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# Prime Factors on the GMAT

Some of the most common Number Properties questions on the GMAT require you to recognize how many times a certain number is a factor of another number.

For example “If 81 =3^{x}, then x = ?”

Most students answer this question correctly because they recognize that 81 can be re-written as 3^{4}, thus making the answer 4.

This may seem like a simple concept, but, as is the case with most GMAT concepts, difficulties arise when the test-makers disguise the concept that a question is testing.

Look at the following question (adapted from a GMATPrep CAT):

If 2^{x}3^{y }= 288, what is x + y?

This question stumps a lot of students because it’s equating an exponential product with an integer. However, close scrutiny of the left side of the equation reveals a key fact: We’re dealing with prime numbers! **If these two numbers are equal, then, by definition, their prime factorization must be the same.** So, if we figure out the prime factorization of 288, we can determine how many times 2 is a factor of 288 and how many times 3 is a factor of 288.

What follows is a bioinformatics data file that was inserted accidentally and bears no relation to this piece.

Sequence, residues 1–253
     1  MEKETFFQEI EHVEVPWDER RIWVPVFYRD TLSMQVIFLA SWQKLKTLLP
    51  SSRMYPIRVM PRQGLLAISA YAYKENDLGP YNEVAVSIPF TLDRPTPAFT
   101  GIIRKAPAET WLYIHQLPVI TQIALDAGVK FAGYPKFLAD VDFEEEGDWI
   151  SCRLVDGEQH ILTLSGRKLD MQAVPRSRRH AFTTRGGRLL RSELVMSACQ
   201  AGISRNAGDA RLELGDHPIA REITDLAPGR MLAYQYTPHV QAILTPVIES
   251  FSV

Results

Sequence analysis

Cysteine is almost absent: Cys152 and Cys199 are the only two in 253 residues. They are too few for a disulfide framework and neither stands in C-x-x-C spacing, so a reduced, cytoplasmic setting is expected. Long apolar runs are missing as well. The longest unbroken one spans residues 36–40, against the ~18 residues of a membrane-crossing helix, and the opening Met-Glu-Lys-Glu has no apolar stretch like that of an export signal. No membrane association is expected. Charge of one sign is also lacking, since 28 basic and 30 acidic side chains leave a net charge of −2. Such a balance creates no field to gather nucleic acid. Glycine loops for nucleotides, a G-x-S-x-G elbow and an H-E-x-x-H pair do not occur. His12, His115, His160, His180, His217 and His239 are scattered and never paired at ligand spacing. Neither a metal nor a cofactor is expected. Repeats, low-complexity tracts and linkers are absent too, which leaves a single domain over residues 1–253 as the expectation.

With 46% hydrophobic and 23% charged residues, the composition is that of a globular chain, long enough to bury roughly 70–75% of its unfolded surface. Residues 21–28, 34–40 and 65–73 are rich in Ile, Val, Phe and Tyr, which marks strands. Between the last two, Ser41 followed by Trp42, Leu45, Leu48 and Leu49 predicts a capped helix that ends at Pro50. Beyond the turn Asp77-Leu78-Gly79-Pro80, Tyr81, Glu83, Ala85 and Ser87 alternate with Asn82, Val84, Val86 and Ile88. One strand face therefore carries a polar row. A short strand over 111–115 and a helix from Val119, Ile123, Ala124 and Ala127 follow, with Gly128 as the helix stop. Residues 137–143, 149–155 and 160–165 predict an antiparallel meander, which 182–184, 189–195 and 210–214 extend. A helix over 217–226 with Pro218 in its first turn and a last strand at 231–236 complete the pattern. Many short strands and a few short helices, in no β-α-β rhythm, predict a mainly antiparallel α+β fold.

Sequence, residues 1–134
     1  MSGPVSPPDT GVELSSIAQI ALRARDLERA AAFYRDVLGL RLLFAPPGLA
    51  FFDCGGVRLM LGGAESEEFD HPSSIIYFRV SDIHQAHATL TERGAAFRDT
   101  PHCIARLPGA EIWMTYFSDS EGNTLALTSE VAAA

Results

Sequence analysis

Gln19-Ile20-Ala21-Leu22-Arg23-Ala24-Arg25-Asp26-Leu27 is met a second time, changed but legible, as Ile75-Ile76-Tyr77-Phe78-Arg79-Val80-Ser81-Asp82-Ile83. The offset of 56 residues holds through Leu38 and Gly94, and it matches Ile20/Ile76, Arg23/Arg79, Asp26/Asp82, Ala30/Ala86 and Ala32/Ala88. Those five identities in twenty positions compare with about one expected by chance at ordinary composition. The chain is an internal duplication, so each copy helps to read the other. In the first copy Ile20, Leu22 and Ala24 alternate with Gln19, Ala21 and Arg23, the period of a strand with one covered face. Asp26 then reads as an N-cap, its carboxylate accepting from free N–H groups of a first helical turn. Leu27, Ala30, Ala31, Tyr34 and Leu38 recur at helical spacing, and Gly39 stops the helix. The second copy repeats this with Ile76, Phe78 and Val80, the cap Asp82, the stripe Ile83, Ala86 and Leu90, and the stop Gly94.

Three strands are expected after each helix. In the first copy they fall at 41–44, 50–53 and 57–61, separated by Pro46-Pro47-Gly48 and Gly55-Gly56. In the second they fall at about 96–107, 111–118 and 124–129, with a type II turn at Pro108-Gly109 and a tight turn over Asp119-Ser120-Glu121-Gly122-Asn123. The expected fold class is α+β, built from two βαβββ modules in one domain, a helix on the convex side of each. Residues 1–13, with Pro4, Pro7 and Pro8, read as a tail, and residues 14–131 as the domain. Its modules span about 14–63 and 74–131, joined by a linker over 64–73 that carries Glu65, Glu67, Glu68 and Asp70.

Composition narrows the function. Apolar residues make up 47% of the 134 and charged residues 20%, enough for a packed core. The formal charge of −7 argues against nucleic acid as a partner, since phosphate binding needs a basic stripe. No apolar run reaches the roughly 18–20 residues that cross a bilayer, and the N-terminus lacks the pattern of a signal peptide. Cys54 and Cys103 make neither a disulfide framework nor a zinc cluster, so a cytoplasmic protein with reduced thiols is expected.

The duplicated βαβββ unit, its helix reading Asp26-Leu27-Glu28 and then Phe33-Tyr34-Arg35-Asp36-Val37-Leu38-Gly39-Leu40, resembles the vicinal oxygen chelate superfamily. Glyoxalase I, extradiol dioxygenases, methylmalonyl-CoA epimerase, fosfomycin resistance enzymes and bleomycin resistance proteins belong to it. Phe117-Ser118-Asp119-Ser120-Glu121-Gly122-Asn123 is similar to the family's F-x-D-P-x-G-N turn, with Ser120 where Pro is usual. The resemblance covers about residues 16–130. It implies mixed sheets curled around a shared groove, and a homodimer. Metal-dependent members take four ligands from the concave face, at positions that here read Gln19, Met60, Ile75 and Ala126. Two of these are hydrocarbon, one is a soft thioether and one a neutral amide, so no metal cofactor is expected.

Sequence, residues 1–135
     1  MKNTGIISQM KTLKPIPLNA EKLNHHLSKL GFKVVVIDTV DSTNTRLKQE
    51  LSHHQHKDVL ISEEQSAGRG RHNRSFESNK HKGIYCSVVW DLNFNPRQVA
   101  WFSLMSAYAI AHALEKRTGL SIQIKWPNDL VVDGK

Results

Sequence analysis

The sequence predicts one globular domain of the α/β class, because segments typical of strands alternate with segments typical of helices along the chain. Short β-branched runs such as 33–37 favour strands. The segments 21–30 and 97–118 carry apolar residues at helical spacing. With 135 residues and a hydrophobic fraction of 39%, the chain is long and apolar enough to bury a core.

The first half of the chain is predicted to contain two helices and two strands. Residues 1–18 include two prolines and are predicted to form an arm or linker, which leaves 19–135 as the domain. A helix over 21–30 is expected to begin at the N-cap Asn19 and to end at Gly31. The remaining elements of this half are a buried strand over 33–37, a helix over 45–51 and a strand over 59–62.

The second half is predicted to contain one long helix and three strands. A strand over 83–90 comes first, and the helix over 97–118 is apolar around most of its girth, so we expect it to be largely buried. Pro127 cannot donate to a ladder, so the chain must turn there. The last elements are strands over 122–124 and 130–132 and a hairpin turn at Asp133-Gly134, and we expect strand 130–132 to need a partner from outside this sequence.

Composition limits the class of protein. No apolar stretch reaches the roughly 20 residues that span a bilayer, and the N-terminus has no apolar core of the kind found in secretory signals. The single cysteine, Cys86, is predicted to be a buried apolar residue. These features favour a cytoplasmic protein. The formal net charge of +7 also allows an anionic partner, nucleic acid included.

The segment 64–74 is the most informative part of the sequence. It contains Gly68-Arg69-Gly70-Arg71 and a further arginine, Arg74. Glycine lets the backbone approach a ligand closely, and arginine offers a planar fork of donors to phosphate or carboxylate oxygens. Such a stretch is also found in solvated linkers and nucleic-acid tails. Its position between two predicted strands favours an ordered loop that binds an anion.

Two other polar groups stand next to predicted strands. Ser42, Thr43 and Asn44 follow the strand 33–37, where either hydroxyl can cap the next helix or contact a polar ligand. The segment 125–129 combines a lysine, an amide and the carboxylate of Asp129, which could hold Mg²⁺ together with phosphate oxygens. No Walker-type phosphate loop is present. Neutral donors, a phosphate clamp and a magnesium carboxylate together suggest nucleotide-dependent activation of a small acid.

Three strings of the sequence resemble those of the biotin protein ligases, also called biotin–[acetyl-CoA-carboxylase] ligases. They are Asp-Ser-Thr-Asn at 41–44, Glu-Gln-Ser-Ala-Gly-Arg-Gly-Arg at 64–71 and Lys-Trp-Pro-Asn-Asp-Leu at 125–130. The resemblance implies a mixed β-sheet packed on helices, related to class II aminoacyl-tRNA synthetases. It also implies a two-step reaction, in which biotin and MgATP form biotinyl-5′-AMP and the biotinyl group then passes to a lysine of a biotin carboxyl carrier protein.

Doing the prime factorization, we arrive at: 288 = 2^{5}3^{2}. Thus, x = 5, y = 2, and x + y = 7.

Let’s look at another example adapted from a GMATPrep CAT:

If 5^{m}4^{18 }= 2(10)^{35}, then m = ?

This question fundamentally asks how many times 5 appears in the prime factorization of 2(10)^{35}. When most of my students see this question, their initial reaction is to break both sides of the equation into their prime factors, thus determining how many times 5 AND 2 appear in the prime factorization of each number. This approach will work, but it requires unnecessary and time-consuming steps that can be avoided. The key is recognizing that the 4^{18} on the left side of the equation and the 2 on the right side of the question are irrelevant.

Why? Because we’re concerned with how many times 5 appears in the prime factorization of the product on the right. Since 2 isn’t a factor of 5, determing how many times 2 or 4 appears in the prime factorization won’t tell us anything we care about. What we should focus on is 10^{35} since that’s the product that will have 5 as a factor. If this number has 10 as a factor 35 times, then the factors of ten (5 and 2) must appear 35 times as well. Thus, there are 35 fives in the prime factorization of this number.

To get more practice on this tricky concept, take a look at Problem Solving Question 107 in the Official Guide, 12^{th} Edition.